Winter Time on a Glacier
Life on a glacier is constantly changing, sometimes faster than others. During the summer you can see glacial changes happen in a matter of hours by means of meltwater and shifting. And in the winter the glacial world moves much slower and offers a different perspective of the ice.
Summertime on a Glacier
In the summer, glaciers move and change quicker because they are in their ‘melt season’. This is when ice melts faster than it can accumulate due to the consistently higher temperatures of the summer months. You might see large meltwater lakes near the toe of the glacier. The water level of these lakes can rise and fall as daily temperatures fluctuate.
If there is more sun and warmer temperatures, there is more melt that happens. Not only does meltwater influence the lakes but also the rate of ice shifting and carving that the glacier undergoes. Meltwater seeps into weaker facets of ice within the glacier and begins to drill into them. This motion helps to create and shape crevasses and moulins on the glacier.
If you were to take a walk around the glacier in the summer you might notice certain features are navigable in the morning and then submerged in meltwater by afternoon. You can enjoy the many steady streams of pure glacial water flowing from ice features. This can bring you back into canyons and carved out caverns.
Simultaneously, while spotting blue pools and intricately carved natural ice features, you could hear the crash of nearby sheering off a face. The glacier, a river of ice, is at a quicker flow in the summer. And it is easier for us to see with our own eyes just how the glacier moves. Plus, Getting on the ice in the summer gives you the chance to book a private ice climbing and luxury camping experience on the Matanuska Glacier.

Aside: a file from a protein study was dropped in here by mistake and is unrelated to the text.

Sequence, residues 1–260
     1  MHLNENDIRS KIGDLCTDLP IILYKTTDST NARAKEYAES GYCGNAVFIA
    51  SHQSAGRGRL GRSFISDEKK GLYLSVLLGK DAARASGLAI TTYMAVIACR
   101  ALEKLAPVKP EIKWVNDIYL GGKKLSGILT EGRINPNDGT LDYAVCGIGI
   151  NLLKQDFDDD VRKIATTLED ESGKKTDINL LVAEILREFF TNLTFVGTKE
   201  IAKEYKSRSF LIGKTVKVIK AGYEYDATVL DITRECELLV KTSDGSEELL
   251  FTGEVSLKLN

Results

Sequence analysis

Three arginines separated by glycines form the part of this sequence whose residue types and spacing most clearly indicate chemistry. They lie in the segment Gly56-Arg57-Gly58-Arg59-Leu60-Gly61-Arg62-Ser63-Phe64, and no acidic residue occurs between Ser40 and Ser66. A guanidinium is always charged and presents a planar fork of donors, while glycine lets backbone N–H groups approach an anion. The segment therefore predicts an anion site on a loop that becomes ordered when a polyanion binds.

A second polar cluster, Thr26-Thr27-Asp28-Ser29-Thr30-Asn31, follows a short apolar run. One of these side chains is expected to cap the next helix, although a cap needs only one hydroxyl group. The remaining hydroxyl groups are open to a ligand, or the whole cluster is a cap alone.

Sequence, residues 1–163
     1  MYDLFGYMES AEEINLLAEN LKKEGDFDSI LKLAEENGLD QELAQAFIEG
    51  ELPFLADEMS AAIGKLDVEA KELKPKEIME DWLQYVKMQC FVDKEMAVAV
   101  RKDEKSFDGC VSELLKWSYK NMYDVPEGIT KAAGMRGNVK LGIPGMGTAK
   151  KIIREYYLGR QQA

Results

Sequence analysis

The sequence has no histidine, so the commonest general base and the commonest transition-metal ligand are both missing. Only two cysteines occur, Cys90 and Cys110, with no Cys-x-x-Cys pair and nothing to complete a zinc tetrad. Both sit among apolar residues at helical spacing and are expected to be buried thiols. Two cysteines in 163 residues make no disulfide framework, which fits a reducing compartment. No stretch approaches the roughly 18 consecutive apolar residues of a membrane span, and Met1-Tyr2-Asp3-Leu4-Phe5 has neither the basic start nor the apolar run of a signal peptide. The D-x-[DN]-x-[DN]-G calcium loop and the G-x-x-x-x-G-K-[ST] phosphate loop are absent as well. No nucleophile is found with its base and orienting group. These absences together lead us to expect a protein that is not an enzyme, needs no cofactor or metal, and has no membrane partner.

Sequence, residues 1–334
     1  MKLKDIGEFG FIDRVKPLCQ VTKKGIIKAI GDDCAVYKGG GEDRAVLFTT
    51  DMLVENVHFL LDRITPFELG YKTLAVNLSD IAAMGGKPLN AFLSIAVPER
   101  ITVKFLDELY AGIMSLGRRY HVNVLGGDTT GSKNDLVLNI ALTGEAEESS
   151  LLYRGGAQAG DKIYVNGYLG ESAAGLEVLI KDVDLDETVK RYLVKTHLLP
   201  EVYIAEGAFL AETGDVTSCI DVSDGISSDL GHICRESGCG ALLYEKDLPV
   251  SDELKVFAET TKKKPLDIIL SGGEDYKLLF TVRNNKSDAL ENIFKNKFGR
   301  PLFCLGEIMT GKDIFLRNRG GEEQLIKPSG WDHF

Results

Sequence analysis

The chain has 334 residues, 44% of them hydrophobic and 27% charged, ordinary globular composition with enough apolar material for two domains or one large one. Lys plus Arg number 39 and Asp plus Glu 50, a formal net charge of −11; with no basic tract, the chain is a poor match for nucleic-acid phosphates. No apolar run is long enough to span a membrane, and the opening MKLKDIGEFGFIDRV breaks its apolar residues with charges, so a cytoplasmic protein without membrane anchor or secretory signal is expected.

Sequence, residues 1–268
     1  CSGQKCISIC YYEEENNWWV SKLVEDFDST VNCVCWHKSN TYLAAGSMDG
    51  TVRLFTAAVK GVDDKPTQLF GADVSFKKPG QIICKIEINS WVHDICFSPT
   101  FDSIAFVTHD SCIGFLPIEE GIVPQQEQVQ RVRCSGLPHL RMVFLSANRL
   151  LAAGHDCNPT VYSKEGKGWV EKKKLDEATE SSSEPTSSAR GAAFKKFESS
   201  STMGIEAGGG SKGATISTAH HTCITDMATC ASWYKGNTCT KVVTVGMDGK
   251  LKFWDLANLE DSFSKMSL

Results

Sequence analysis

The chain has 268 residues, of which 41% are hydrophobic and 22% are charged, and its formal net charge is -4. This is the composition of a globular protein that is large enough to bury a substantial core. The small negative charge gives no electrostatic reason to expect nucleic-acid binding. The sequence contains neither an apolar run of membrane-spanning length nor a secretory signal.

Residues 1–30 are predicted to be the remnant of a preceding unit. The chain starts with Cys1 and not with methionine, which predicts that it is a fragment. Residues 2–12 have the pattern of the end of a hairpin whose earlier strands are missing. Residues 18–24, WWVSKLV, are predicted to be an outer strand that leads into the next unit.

Winter Glacial Flow
The wintertime on a glacier is a bit slower. This offers a different face of the glacier that many don’t get to see. You do have to face colder temperatures and shorter daytime hours, but they come with some fair trade offs. In the winter you will only experience a fraction of the people that you would in the summer months. Not as many folks are willing to enjoy the cold and outfitters don’t operate as many tours.
You can even take a snowmobile tour out so you can enjoy both the powder snow and the ice. Once on the glacier much of the meltwater is frozen. This is why going with a professional guide is so important.
The glacier requires more skill to navigate in the winter, where there are more hazards you can’t see. As the ice thickens and solidifies through the winter blue hues start to really showcase themselves. Taking a helicopter out and dropping into an ice canyon is a perfect immersion experience for getting up close and personal to blue ice.
Both seasons lend hand to excellent photography and memorable experiences. The differences in the seasons compliment each other and offer unique glacier opportunities. Catch the Northern Lights in the winter or book a private helicopter experience for the summer. Which season do you think best suits you and your crew?